April 9, 2012
The Egyptian elections have thrown up an unexpected force in the Salafi Nour Party. Is it making an ideological shift or a pragmatic compromise?
By Taufiq Radja Nurul Bahri and Zulkifli Mohamed Sultan
THE RECENT elections in Egypt following the Tahrir Square uprising have produced unexpected outcomes. While the formerly outlawed Muslim Brotherhood won the majority of seats in parliament, more startling was the emergence of the lesser known Salafi Nour Party, which won 25 per cent of the seats. The participation of the Salafis in the second phase of the elections was itself unexpected in light of its initial abstention from politics.
The ascendancy of two Islamist parties as dominant players in the new political system has raised the spectre of Egypt becoming a theocratic state similar to Iran. However both parties have distanced themselves from this idea and neither has promoted a revival of the caliphate in its agenda. This is a radical departure from the principles of the Salafis. While some may perceive this as an ideological adaptation to the changed political environment others see it as a pragmatic compromise for political ends.
The emergence of the Salafis in Egyptian politics is arguably the most dramatic development arising from the Tahrir Square uprising. Contrary to previously-held assumptions, the election results show that there was wide support for Salafism at all levels of society. A key factor for the popularity of the Salafis was their contribution to the society in social welfare and empowerment. The Nour Party was so effective on the ground that Salafis outnumbered the Muslim Brotherhood in the extent of their popular reach.
The Salafis had worked for years in the poorest sectors of Egyptian society to provide social services including free food and medicine for the needy and the people responded with their votes in the elections. They were not interested in ideologies or identities but wanted security, dignity and freedom. Salafis were seen to be heading in that direction and gained the people’s trust.
Salafism in Egypt today adopts Saudi-style conservatism unlike earlier revivalist genres promoted by Egyptian reformers such as Rashid Rida and Hassan al Banna. A major factor for the rise of Salafis is their adoption of a more progressive outlook on issues instead of sticking to strict principles. Having long held that participation in secular politics is forbidden, their mere involvement in the process reflects their change in attitude.
While Salafis used to hold that any type of protest against the government is a form of rebellion and a great sin, they are now not only involved in the Egyptian revolution but were even spearheading protests. “The Salafi movement has participated in the continuation of protests in Egypt, and Islamist groups, such as the Muslim Brotherhood, Jihad, and the Islamic Group, in addition to the Salafis, have acquired greater scope for working in the street that was not available under Mubarak’s rule,” reported an Egyptian journalist Waleed Abdul Rahman.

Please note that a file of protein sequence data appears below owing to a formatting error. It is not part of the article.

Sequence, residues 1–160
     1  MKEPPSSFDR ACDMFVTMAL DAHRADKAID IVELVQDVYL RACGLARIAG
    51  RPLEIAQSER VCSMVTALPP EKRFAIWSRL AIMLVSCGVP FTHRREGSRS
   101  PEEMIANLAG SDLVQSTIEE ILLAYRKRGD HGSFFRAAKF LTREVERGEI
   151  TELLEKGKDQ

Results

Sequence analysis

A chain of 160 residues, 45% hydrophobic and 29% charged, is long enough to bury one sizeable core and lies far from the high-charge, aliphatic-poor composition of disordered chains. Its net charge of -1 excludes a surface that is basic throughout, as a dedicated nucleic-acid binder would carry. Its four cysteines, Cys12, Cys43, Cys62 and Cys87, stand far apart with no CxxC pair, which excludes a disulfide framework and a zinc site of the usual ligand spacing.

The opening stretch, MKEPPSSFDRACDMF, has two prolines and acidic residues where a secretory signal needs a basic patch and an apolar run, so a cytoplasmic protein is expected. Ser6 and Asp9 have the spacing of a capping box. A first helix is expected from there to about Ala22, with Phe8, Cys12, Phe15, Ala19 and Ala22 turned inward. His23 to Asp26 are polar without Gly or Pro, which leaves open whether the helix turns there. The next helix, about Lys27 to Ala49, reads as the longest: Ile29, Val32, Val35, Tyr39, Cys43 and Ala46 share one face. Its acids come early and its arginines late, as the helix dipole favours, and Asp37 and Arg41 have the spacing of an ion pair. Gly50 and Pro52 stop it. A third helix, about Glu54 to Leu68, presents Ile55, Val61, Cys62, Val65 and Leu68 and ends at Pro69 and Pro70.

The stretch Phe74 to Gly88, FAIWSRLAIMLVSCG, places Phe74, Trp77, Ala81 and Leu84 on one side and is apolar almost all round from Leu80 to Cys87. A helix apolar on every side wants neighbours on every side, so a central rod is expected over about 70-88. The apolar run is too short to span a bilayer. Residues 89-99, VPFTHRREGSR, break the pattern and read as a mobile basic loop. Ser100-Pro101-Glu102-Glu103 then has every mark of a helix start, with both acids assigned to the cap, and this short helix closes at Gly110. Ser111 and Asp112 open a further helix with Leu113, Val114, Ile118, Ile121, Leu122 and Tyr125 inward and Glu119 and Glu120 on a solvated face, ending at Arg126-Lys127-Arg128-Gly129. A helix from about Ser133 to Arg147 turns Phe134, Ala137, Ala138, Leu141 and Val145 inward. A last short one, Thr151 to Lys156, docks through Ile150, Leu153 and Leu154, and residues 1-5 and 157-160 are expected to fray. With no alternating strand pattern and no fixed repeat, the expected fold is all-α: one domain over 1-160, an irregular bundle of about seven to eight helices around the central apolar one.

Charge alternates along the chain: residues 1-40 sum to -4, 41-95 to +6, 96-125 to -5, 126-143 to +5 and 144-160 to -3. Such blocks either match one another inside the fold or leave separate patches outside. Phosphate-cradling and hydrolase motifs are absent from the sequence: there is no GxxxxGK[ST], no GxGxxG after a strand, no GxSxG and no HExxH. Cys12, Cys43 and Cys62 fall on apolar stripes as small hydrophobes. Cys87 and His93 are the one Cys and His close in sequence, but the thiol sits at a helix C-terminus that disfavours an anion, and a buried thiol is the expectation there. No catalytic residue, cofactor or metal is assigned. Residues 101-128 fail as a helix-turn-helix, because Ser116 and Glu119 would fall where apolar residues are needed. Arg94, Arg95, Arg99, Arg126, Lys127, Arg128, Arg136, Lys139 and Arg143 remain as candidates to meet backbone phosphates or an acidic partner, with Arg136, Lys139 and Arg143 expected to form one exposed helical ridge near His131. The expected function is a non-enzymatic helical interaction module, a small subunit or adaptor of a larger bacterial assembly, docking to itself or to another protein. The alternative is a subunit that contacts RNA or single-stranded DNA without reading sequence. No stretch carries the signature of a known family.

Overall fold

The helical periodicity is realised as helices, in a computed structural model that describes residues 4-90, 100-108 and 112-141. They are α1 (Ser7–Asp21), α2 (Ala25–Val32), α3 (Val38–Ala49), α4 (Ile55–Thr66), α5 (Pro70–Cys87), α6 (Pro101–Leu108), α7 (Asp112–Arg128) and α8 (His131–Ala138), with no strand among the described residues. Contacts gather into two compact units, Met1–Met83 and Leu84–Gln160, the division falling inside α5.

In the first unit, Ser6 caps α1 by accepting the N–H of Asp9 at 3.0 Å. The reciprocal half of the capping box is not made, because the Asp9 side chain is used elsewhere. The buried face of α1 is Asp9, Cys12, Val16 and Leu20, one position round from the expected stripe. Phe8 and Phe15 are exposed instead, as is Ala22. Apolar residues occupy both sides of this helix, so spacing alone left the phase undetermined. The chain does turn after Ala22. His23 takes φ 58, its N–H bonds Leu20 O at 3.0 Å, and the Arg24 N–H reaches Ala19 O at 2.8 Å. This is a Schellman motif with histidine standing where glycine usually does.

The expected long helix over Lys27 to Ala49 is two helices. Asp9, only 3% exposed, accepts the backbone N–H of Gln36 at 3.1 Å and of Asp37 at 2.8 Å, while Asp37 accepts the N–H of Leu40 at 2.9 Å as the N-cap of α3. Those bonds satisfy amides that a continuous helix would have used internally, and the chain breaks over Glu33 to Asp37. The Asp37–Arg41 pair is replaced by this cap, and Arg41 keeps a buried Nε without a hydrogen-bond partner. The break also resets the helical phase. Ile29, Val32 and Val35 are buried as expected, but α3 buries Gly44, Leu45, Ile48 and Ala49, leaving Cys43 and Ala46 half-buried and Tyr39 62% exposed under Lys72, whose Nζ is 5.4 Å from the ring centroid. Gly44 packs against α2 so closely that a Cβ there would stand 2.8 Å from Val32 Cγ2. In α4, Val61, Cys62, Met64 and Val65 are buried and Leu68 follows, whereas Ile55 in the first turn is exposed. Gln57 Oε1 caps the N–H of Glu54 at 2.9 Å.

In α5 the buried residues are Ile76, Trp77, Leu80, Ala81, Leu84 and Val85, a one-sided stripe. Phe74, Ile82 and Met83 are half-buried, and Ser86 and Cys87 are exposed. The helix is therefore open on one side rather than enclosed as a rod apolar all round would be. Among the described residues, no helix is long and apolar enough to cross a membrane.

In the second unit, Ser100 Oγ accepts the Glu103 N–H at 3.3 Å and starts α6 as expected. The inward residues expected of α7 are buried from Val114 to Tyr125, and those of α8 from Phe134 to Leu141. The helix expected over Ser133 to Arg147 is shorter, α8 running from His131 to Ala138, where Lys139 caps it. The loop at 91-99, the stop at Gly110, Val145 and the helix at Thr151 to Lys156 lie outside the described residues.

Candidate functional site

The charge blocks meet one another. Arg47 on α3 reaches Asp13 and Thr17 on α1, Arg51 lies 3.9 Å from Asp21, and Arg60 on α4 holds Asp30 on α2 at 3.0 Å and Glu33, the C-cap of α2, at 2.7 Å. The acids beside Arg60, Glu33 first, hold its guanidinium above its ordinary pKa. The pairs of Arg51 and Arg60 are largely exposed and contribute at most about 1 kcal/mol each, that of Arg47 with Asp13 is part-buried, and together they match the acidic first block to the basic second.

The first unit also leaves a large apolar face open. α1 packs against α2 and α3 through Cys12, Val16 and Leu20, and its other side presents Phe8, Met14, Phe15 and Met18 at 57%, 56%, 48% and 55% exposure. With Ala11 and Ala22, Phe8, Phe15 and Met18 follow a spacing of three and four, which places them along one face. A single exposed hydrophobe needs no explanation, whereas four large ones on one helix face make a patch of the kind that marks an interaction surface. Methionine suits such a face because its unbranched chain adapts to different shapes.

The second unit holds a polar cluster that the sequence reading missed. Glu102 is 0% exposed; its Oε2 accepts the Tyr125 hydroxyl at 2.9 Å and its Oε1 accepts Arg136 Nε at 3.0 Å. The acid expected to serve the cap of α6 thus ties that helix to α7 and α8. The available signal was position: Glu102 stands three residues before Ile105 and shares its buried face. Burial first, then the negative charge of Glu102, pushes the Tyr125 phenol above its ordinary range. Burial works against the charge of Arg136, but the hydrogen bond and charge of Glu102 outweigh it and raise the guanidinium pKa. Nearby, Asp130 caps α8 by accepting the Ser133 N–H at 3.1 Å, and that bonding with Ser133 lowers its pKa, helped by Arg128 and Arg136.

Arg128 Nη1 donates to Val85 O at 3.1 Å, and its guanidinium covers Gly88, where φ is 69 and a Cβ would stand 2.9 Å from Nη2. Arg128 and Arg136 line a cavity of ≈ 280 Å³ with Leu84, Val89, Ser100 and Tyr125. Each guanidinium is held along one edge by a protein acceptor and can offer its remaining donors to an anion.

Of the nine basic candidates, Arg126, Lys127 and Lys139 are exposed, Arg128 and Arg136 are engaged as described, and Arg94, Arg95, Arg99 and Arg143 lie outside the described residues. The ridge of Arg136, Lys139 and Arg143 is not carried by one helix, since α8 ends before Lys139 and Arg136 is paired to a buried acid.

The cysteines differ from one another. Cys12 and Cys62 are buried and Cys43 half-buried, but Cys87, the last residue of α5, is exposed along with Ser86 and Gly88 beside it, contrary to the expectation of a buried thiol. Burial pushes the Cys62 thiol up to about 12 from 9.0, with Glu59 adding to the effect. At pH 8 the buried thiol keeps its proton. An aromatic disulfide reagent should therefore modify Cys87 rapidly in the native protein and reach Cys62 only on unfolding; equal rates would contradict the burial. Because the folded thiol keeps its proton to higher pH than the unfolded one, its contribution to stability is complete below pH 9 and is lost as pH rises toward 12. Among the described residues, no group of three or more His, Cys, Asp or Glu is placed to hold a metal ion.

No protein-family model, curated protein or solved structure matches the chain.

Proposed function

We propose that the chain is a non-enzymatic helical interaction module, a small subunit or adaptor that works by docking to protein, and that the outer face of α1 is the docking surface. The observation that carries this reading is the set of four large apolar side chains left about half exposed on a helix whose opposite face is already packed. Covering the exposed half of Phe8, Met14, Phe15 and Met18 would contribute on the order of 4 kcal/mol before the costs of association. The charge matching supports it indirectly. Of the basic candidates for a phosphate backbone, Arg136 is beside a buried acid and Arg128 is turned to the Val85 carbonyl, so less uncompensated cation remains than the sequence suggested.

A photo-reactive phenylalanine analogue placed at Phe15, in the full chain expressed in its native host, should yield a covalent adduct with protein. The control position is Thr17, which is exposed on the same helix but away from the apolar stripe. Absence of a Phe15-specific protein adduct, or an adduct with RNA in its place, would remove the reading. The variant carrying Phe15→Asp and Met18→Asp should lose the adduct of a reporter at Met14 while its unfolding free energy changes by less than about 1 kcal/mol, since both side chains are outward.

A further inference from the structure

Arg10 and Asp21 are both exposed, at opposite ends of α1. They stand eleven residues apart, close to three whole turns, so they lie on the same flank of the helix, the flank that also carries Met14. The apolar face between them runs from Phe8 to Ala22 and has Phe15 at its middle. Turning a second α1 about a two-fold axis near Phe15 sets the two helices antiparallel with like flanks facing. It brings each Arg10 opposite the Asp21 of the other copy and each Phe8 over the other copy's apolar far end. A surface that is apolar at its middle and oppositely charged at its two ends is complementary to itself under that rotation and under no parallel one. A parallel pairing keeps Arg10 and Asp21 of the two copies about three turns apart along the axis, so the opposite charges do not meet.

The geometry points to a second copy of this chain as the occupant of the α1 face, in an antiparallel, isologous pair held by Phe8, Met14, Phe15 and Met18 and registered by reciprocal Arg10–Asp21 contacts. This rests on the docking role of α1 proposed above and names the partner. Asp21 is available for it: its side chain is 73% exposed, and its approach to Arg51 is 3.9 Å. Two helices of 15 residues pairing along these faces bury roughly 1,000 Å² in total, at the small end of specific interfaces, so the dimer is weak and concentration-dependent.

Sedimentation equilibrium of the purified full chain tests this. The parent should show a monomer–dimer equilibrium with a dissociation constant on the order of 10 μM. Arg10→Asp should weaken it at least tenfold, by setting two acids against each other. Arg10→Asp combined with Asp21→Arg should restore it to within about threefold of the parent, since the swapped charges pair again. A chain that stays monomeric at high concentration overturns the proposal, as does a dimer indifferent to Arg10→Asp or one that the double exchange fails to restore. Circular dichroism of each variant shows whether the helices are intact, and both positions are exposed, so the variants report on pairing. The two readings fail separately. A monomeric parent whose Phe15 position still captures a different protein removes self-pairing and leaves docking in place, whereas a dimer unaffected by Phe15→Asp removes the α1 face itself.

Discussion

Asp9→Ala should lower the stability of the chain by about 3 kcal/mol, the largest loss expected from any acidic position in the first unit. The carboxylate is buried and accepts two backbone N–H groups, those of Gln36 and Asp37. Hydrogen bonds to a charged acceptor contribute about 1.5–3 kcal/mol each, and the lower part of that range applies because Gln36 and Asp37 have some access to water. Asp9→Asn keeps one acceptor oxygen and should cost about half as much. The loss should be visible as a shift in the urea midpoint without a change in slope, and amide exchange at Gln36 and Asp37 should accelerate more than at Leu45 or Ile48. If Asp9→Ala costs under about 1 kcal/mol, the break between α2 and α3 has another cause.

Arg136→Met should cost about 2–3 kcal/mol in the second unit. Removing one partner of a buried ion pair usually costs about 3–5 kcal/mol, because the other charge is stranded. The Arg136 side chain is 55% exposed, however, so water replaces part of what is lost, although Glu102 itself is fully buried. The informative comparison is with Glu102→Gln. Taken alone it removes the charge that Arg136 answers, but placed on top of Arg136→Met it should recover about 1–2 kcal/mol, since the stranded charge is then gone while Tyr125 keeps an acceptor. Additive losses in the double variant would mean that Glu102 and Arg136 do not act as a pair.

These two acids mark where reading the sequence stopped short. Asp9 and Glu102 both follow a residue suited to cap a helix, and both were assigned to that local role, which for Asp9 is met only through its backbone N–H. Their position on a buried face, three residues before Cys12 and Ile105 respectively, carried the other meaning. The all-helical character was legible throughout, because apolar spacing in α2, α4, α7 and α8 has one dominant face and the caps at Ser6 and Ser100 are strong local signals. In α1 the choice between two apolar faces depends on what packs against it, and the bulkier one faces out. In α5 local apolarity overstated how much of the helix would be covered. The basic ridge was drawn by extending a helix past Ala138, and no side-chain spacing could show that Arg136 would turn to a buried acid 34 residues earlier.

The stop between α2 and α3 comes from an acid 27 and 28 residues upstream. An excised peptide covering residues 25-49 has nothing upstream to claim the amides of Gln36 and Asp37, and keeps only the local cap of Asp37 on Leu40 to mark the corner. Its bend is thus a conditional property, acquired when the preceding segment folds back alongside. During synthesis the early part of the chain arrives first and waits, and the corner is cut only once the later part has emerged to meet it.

Salafis have dismissed discussions in favour of a return of the caliphate and opted for a democratic civil state. Salafis have even gone to the extent of addressing sectarian and religious issues affirming that freedom of belief and practice will be given to all. According to Waleed, Imad Abdul-Ghafur, a representative of the founders of the Nour Party, stresses the need to guarantee the religious freedom of Egypt’s Coptic Christians and rejects the model of a religious state. Unlike the Saudi Salafi position on women with its strict limitations on their social and professional participation, the Nour Party, on the other hand, acknowledges the importance of women’s involvement in today’s societal and even political spheres.
These progressive transitions, in addition to the social services they have provided to the Egyptian people, are key factors in determining their place in Egyptian politics. A recent survey by Ahram newspaper shows that Egyptians today are leaning towards Salafism more than Sufism which deals exclusively with spiritual activities. In a related development, the Nour Party is also undertaking an interpretation of their ideology with a contextualist approach to the exegesis of religious texts.
Although the Nour Party is still less known and lacking the political maturity of the Muslim Brotherhood, they make up for it in social services and empowerment. While some might still be wary of the rigidity of Salafism, the Salafis can show themselves in new light by taking a softer approach in addressing the issues that matter to the people.
On a positive note, with their involvement in Egyptian politics, the Salafis are required to engage with democratic institutions and laws, and will have to moderate their views rather than take extreme positions. Given time, the Salafis might show a different face in Egypt’s new politics.
Taufiq Radja Nurul Bahri and Zulkifli Mohamed Sultan are both Research Analysts at the S. Rajaratnam School of International Studies (RSIS), Nanyang Technological University.
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